Listening is a powerful tool in any business setting and a critical skill that can enable a business to understand what its employees need, what they desire in their work, and how the business can become more successful. Listening, however, can be challenging for many business owners and managers who are often focused on the bottom line, meeting targets and achieving goals.
It is essential business leaders listen to their employees to build a strong and successful team and business. When employees feel heard and valued, they are more likely to be engaged and motivated, leading to improved productivity and business outcomes. Listening to staff also demonstrates that the leadership cares about them and their concerns, which often leads to higher employee retention rates.
Recently, a friend who owns a legal firm shared a dilemma that we are all too familiar with: getting people to return to the office. In his law practice, it was vital to have staff in the office to facilitate the daily activities necessary. When it was safe to do so, he informed everyone that they needed to return to the office full time but met with a great deal of resistance. He wanted to be accommodating, but the firm’s clients had specific needs that required in-office participation. As a strong leader, he listened to the reasons why there was reluctance. Folks with young families wanted extra schedule flexibility, and others liked the ability to plan and have more free time. Together they arrived at a compromise: Half the staff would take off every other Friday. It would mean Fridays and Mondays would be busier for those working but all agreed the idea had merit. The outcome is that the staff loves it, and morale and client satisfaction has never been higher. By engaging the staff in the decision, everyone won.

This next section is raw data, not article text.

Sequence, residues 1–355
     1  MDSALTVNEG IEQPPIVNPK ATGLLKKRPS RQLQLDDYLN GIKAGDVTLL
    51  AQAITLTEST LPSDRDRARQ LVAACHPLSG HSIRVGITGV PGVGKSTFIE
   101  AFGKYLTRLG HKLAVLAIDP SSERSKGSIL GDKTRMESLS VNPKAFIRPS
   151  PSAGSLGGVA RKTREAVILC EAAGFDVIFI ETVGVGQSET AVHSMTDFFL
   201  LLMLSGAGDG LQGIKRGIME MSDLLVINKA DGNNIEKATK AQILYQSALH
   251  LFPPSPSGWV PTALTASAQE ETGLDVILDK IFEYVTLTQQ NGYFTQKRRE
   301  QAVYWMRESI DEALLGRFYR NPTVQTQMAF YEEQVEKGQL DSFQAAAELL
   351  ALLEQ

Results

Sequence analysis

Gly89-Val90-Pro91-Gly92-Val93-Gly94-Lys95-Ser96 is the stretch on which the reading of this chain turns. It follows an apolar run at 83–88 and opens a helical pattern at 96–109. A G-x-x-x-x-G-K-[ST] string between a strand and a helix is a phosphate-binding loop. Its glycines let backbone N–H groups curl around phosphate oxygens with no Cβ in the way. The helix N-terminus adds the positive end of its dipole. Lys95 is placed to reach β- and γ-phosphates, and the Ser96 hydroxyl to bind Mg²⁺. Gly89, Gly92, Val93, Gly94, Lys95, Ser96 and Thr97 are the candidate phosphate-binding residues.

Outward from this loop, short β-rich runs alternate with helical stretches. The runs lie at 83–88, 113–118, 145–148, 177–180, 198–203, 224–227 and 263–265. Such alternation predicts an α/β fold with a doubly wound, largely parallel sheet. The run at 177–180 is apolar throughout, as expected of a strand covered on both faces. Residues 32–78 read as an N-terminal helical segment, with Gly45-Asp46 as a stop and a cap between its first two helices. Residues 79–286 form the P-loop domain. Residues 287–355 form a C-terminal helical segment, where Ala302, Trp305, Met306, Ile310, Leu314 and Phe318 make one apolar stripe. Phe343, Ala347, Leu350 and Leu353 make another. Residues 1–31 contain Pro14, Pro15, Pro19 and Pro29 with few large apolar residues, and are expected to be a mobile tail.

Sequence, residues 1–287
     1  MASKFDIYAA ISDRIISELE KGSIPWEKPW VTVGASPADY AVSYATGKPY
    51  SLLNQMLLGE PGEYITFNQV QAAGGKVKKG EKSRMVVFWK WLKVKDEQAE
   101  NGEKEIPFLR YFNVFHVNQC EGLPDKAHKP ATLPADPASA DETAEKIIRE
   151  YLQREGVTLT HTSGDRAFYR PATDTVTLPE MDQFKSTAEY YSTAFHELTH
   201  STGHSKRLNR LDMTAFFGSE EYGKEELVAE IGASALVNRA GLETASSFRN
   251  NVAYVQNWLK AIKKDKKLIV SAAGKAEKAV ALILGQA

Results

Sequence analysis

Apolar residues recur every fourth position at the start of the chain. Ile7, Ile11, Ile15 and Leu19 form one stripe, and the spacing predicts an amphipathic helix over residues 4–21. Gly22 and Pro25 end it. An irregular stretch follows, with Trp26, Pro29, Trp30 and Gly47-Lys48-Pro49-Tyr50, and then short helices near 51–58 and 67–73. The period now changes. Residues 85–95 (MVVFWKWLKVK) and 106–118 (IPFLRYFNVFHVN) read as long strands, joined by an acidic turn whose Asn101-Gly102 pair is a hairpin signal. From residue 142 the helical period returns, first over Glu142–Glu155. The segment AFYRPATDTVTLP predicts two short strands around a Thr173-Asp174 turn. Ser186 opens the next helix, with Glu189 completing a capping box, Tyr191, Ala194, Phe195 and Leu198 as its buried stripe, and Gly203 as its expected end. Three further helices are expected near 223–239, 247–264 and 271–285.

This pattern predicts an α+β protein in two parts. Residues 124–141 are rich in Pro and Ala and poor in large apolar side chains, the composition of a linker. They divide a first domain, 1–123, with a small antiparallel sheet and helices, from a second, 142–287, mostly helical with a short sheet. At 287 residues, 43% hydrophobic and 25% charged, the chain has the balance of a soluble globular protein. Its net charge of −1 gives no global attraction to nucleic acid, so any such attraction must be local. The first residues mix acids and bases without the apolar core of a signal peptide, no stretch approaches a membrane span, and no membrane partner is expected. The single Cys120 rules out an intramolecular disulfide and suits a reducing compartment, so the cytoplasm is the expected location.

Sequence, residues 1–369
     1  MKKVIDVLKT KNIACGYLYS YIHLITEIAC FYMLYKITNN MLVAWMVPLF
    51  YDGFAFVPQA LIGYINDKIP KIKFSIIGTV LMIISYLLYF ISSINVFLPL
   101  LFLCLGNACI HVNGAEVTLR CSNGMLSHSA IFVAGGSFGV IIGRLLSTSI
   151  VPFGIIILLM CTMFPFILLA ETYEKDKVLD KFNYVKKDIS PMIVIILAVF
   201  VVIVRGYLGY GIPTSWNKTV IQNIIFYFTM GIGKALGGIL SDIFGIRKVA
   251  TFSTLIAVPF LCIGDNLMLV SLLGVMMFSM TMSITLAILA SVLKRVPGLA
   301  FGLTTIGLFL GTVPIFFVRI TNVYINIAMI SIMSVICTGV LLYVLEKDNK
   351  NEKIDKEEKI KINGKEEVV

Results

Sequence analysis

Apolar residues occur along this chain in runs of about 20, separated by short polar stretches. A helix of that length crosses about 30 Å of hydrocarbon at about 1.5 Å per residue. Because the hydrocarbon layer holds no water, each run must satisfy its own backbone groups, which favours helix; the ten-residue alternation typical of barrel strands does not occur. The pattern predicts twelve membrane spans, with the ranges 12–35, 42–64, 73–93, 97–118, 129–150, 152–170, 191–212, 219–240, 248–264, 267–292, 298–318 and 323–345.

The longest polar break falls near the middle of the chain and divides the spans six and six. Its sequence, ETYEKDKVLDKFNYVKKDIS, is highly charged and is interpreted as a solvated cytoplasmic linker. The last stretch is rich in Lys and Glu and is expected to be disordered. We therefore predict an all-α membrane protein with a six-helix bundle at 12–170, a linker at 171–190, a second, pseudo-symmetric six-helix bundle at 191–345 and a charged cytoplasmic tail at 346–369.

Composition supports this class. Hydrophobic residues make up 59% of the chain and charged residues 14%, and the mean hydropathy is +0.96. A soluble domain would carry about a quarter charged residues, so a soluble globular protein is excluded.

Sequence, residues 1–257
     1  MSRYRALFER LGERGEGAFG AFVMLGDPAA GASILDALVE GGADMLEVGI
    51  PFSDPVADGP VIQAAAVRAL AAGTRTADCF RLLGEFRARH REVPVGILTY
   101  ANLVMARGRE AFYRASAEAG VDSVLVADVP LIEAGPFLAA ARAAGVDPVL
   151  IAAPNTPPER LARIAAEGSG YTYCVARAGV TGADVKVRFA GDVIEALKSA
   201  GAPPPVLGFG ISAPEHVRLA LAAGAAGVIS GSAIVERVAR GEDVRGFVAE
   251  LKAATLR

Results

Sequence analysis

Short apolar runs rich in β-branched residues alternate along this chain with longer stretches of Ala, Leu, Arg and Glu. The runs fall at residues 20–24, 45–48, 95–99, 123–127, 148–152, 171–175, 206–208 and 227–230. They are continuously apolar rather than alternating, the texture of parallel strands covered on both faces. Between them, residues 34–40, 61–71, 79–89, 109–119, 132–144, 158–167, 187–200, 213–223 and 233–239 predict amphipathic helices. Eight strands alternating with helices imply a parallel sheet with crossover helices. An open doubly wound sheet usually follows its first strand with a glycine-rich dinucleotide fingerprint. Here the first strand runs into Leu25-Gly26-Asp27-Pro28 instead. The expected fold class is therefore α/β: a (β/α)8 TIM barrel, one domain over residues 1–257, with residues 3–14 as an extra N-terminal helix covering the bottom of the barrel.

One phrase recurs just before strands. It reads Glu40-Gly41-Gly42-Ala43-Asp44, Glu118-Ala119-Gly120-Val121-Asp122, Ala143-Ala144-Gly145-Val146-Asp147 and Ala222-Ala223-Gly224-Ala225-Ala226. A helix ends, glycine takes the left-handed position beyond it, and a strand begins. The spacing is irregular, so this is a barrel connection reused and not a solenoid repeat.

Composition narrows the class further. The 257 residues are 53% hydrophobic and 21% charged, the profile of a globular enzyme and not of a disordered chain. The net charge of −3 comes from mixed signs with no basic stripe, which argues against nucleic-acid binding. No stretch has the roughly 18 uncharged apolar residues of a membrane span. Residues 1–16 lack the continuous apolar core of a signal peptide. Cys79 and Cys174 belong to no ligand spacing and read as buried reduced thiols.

Another method of listening to employees is to conduct regular surveys or focus groups. Surveys can help leaders understand what their employees are thinking and feeling about their work and the business. It can also provide insight into what areas of the business need to improve. Focus groups can also help leaders dig deeper into specific topics and gain a better understanding of their employees’ thoughts and opinions.
Listening to employees also means acting on their feedback. It is not enough to just listen. As the earlier example demonstrates, action is critical to meaningful employee dialogue and demonstrates that leaders value their input and are committed to making positive changes to enhance their work environment.
It is also important to listen to the business! Leaders should regularly review the business’s performance to identify areas of improvement and make necessary adjustments to remain competitive. Financial data, customer feedback and employee engagement surveys can all provide insight into how successful the business has been and what opportunities lie ahead.
Listening to both employees and the business is critical in building a successful, sustainable organization. Creating an open-door policy, conducting regular surveys or focus groups and acting on feedback builds a workplace culture that values the input of its employees and stakeholders. Remember, listening is only the first step; action is what truly drives positive change in a business!
Bruce Weber is founder and president/CEO at Weber Group. Weber brings more than 20 years of experience to the for-profit and nonprofit community, working with startup, growth and mature organizations. His focus is in strengthening organizations through strategic planning, organizational development, leadership and board development. He is a BoardSource Certified Governance trainer and a founding partner of the Nonprofit Lifecycles Institute.
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